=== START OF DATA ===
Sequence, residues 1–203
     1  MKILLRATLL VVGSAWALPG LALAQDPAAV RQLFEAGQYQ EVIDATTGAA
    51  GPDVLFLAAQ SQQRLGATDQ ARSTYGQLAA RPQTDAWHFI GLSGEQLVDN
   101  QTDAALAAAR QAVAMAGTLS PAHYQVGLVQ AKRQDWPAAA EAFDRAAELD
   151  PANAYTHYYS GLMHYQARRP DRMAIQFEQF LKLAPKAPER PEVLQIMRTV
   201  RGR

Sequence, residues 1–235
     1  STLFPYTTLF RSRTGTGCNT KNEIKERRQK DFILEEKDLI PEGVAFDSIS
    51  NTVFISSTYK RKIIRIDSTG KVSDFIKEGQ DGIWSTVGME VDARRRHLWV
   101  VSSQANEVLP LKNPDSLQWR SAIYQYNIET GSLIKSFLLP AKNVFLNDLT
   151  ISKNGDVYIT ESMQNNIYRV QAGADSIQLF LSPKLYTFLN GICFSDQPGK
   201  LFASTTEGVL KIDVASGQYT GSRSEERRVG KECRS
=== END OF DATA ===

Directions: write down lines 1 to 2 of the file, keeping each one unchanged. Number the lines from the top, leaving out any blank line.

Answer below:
Sequence, residues 1–203
     1  MKILLRATLL VVGSAWALPG LALAQDPAAV RQLFEAGQYQ EVIDATTGAA